Bulbophyllum grandiflorum

Family : Orchidaceae

Text © Pietro Puccio


English translation by Mario Beltramini


The huge solitary flowers of Bulbophyllum grandiflorum have an odd, much appreciated, shape © G. Mazza

The huge solitary flowers of Bulbophyllum grandiflorum have an odd, much appreciated, shape © G. Mazza

The species is native to Maluku Islands, New Guinea, Peninsular Malaysia, Solomon Islands, Sulawesi and Sumatra, where it grows in the pluvial forests up to about 800 m of altitude.

The name of the genus is the combination of the Greek terms “bulbos” = bulb and “phyllon” = leaf, with reference to the leaves growing at the apex of the pseudobulbs; the name of the species is the combination of the Latin terms “grandis” = big and “flos, -oris” = flower, with obvious reference.

The Bulbophyllum grandiflorum Blume (1849) is an epiphytic species with ovoid pseudobulbs, spaced of 2-3 cm on a creeping rhizome, 3-5 cm long, carrying at the apex a single ovate leaf, coriaceous, 12-15 cm long and 4-5 cm broad.

Solirtary flowers, of colour going from the greenish yellow to the pale bronze, 10-15 cm large, from the base of the pseudobulb on an erect or arcuate peduncle, with 2-4 tubular bracts, up to 25 cm long. The sepals are the part more apparent of the flower; the upper sepal is ovate-elliptic, 7-8 cm long, bent forward with lateral retroflexed margins and several semi-transparent whitish dots, the lateral ones are oblong, twisted, 6-10 cm long. The petals, which are triangular, are so small to be almost invisible; the tiny trilobed labellum is mobile and oscillates at the least breath of wind.

The flowers, that emit a scent many consider as unpleasant, last 2-3 weeks. It reproduces by seed, in vitro, and by division, with each section provided with at least 3-4 pseudobulbs.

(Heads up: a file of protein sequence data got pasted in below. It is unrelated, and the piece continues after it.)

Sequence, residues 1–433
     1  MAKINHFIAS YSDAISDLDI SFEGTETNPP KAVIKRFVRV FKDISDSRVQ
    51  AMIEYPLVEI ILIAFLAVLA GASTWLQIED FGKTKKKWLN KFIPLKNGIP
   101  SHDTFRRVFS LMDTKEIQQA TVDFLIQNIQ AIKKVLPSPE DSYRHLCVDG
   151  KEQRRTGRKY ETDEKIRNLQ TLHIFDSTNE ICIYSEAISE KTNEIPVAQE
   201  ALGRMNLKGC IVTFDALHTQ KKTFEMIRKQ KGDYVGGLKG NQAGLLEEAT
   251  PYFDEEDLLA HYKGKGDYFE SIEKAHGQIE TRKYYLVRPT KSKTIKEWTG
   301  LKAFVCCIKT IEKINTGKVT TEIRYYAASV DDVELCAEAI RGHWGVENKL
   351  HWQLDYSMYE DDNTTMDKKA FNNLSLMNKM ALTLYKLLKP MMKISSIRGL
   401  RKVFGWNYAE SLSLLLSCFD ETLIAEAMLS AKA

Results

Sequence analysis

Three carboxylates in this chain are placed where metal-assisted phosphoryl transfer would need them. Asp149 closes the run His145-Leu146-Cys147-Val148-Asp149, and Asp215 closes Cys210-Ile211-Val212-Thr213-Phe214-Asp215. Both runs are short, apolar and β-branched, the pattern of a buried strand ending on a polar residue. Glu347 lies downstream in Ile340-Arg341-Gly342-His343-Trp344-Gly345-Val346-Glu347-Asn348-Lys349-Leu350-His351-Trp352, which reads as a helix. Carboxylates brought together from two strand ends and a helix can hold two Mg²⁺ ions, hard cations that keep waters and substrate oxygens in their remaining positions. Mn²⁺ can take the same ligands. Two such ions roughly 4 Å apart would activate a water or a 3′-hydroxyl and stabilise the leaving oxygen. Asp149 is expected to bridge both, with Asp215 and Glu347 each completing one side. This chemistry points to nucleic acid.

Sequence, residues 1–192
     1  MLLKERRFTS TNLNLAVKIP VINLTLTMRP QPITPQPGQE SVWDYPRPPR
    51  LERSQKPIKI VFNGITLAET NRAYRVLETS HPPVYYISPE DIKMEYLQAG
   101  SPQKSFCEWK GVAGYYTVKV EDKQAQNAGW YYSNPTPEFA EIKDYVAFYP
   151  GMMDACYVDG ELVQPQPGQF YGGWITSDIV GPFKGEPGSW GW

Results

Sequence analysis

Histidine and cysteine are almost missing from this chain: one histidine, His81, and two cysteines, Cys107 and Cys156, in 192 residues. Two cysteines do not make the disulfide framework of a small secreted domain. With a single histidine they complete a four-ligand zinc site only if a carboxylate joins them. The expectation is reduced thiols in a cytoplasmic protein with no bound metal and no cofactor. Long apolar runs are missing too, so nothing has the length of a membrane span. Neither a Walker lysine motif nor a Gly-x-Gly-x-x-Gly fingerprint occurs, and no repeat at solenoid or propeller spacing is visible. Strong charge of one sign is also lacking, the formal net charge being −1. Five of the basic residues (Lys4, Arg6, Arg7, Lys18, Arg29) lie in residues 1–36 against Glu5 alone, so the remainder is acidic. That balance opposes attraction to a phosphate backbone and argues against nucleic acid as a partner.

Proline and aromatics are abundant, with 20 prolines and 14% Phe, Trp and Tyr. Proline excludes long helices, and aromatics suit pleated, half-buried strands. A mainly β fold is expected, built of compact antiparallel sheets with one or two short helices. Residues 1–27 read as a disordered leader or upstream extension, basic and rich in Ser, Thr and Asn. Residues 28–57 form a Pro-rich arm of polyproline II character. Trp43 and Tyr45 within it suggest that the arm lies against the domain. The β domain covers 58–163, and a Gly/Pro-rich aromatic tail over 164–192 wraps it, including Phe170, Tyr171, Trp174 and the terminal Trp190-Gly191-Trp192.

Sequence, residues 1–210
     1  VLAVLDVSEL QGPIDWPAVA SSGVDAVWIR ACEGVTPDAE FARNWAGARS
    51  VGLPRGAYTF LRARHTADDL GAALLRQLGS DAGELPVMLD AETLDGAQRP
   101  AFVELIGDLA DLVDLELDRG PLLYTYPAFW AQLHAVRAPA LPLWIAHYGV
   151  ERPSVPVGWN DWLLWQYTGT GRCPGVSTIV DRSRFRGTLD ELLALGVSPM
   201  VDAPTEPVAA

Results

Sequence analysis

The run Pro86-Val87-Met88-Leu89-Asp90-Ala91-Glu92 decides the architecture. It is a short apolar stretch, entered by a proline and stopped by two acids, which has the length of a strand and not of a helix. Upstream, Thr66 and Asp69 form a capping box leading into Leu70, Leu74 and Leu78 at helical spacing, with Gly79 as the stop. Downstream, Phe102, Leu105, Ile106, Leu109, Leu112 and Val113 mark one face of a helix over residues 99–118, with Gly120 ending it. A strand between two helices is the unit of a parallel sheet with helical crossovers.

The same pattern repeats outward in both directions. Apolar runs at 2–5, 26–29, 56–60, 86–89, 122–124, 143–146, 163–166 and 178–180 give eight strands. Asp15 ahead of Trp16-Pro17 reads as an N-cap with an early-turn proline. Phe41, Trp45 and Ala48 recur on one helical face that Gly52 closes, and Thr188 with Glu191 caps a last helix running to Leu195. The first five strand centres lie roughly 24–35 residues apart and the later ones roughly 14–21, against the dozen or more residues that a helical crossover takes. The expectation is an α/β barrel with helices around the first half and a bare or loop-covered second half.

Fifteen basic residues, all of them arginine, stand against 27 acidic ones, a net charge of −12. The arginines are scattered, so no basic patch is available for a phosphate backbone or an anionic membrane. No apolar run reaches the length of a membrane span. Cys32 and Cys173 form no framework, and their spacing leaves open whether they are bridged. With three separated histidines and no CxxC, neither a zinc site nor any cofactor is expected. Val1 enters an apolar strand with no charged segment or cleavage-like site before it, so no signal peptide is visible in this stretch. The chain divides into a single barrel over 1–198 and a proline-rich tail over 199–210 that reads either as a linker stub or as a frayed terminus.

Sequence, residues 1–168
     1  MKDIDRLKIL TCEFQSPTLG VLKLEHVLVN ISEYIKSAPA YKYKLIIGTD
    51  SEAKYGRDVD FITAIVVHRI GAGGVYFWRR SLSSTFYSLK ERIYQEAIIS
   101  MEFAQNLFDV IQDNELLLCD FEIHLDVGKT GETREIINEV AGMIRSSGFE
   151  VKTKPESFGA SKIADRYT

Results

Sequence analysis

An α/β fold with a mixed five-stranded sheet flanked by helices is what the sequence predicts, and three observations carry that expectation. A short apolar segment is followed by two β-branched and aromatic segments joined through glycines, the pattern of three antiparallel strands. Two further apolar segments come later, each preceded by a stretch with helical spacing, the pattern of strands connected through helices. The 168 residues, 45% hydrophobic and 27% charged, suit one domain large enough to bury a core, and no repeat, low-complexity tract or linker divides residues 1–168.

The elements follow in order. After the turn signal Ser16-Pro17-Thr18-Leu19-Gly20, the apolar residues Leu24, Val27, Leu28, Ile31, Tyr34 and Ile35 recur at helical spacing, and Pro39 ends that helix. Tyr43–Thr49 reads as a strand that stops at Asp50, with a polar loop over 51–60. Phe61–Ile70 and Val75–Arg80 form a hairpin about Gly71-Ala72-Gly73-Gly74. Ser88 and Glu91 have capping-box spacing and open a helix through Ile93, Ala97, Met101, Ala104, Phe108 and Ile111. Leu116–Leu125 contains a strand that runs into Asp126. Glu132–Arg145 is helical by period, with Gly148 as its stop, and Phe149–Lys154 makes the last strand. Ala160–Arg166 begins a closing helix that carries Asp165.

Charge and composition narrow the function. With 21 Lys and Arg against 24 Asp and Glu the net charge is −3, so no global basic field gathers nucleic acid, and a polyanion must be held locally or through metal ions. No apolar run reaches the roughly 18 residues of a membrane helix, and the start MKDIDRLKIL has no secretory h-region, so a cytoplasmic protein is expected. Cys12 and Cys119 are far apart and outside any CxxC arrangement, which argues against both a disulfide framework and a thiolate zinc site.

Floriferous species, appreciated by the collectors for the quite particular shape of the flowers, it requires medium-high temperatures with night low temperatures not inferior to 15-16 °C, high luminosity and atmospheric humidity, 60-80%, frequent waterings, but allowing the roots to dry up; it does not have a definite resting period, but it is preferable to slightly decrease the frequency in winter.

For the waterings and the nebulisations, it is to be utilized rain water, or water obtained through reverse osmosis, or demineralised; the fertilizations, duly distributed in function to the vegetative status of the plant and alternated, in way to avoid salts accumulations at the roots, are to be done preferably with hydrosoluble balanced products, with microelements, at ¼ of the dosage suggested on the package.

It is t be mounted on bark, trunks, cork or arborescent ferns roots rafts, or placed in baskets with a much draining and aerated compost, this may be formed by medium-sliced bark fragments.

The species is reported in the appendix II of the CITES (species whose trade is internationally ruled).

Synonyms: Ephippium grandiflorum Blume (1849); Phyllorchis grandiflora (Griff.) Kuntze (1891); Phyllorkis grandiflora (Blume) Kuntze (1891); Sarcopodium grandiflorum (Blume) Lindl. (1853); Bulbophyllum cominsii Rolfe (1898); Bulbophyllum burfordiense Hook.f. (1901); Hyalosema cominsii (Rolfe) Rolfe (1919); Hyalosema grandiflorum (Blume) Rolfe (1919).


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